Methods

  1. Top of page
  2. Abstract
  3. Introduction
  4. Methods
  5. Results
  6. Discussion
  7. Conflict of Interest
  8. References

Study Population

This was a multi-institutional retrospective study comprising patients who underwent LESS-NU for upper urinary tract urothelial carcinoma between 2008 and 2012. Fifteen international institutions provided data including patient demographics, data related to the surgical procedure, pre- and peri-operative outcomes, and postoperative complications. Each group performed LESS-NU according to its own protocols, entry criteria and techniques. Raw data with no identifier were retrospectively collected and gathered into a standardized datasheet, which was specifically built for the purpose of the present study. Institutional review board approval or a waiver was obtained by each participating centre based on its specific regulations.

Analysis

Patient demographics including age, gender, race, body mass index (BMI), history of abdominal/pelvic surgery, American Society of Anesthesiologists score, European Cooperative Oncology Group performance status, and Charlson comorbidity index score were analysed. Operative variables including operating time, estimated blood loss, intra-operative adverse events, change in serum creatinine concentration, change in haemoglobin levels, and length of stay were analysed. Oncological outcomes including tumour size, tumour location, pathological stage, tumour grade, performance of lymphadenectomy, number of harvested lymph nodes, co-existing lymphovascular invasion and carcinoma in situ (CIS), and tumour recurrence were analysed. With regard to the pathological stage, the tumours were classified according to the 2002 TNM staging system, and tumour grades were classified according to the 2004 WHO classification. Operative data related to the surgical procedure including access site (umbilical or extra-umbilical), approach (transperitoneal or retroperitoneal), use of articulating or prebent laparoscopic instruments, use of the da Vinci® robot, type of single-port device, use of an additional laparoscopic port, and conversion to conventional laparoscopic or open surgery were assessed. Skin incision length was measured at the completion of the operation. Complications were graded according to the Clavien–Dindo classification of surgical complications [12].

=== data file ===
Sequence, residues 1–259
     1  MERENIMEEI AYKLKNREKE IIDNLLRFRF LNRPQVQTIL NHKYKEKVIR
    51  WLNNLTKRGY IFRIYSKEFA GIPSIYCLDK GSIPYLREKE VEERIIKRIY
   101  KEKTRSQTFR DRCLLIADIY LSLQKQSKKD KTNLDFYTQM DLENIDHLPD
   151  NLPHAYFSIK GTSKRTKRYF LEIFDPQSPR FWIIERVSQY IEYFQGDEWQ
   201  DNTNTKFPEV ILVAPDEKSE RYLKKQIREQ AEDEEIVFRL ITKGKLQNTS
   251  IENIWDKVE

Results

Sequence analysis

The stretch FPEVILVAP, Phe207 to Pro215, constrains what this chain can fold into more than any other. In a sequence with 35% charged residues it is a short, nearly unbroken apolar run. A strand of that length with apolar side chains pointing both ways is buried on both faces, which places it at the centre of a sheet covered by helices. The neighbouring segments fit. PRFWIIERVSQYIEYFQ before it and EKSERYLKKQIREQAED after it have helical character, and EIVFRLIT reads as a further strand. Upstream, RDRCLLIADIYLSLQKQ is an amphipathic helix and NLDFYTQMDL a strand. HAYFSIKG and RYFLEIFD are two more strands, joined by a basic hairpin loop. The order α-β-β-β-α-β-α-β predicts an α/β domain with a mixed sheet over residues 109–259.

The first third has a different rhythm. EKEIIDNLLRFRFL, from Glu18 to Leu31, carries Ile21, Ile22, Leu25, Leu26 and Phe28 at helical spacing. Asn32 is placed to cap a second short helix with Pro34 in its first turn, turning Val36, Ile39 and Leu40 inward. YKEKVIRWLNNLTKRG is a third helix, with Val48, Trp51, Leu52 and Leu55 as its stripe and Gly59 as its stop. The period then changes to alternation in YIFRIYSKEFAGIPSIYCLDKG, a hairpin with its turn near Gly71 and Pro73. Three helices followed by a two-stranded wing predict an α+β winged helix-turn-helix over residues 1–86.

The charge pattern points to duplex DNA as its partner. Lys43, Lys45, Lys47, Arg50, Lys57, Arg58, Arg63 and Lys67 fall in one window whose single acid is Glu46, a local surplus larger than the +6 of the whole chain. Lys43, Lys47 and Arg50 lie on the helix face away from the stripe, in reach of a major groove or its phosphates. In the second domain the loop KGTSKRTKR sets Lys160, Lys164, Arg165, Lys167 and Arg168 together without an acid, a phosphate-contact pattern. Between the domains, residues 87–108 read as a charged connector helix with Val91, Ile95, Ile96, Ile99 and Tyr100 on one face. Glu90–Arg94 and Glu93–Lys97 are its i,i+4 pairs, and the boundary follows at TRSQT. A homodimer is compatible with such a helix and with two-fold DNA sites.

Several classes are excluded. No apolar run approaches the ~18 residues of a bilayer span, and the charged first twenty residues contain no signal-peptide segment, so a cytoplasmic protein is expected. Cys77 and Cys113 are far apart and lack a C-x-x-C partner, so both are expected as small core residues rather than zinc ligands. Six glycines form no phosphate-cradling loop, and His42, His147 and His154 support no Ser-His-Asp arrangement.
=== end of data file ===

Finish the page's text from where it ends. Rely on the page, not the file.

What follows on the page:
Continuous data were presented as mean (sd) values. Categorical variables were expressed as numbers and percentages for the group.

Results

  1. Top of page
  2. Abstract
  3. Introduction
  4. Methods
  5. Results
  6. Discussion
  7. Conflict of Interest
  8. References

In all, 101 patients were included in the analysis (Table 1). The mean (sd) patient age was 66.4 (9.9) years and the mean (sd) BMI was 24.8 (4) kg/m2. In all, 30 patients (29.7%) had undergone previous abdominal/pelvic surgery. The mean (sd) Charlson comorbidity index score was 2.5 (1.9). The primary tumour location was pelvocalyceal (57.4% of cases).

Table 1. Patient demographics
  1. ASA, American Society of Anesthesiologists; ECOG, European Cooperative Oncology Group.

No. of patients101
Mean (sd) age, years66.4 (9.9)
Male gender, n (%)67 (66.3)
Mean (sd) BMI, kg/m224.8 (4.0)
Previous abdominal/pelvic surgery, n (%)30 (29.7)
ASA score, n (%) 
135 (34.7)
245 (44.5)
321 (20.8)
ECOG performance status, n (%) 
067 (66.3)
126 (25.7)
28 (8.0)
Mean (sd) Charlson comorbidity index score2.5 (1.9)
Mean (sd) tumour size, cm3.1 (1.9)
Primary tumour location, n (%) 
Pelvocalyceal58 (57.4)
Ureteric38 (37.6)
Multifocal5 (5.0)

The most common access site was the umbilicus (93.1% of cases) and transperitoneal access was most commonly used (99/101 patients). The da Vinci® robot was used in 26 patients (25.7%). Various LESS port devices were used for LESS-NU. In 62.4% of cases a homemade device was used and in 37.6% of cases various commercially available port devices were used. An additional port was used in 28.7% of cases to complete the procedure. In 10% of these, a 2- to 3-mm extra port was used, and in the remaining 90% an extra 5- to 12-mm additional port was used. LESS-NU was completed in 98 patients (97%), and conversion to open surgery was required in three cases owing to the difficulty of dissection (3.0%). The mean (sd) skin incision length at closure was 5.0 (1.7) cm.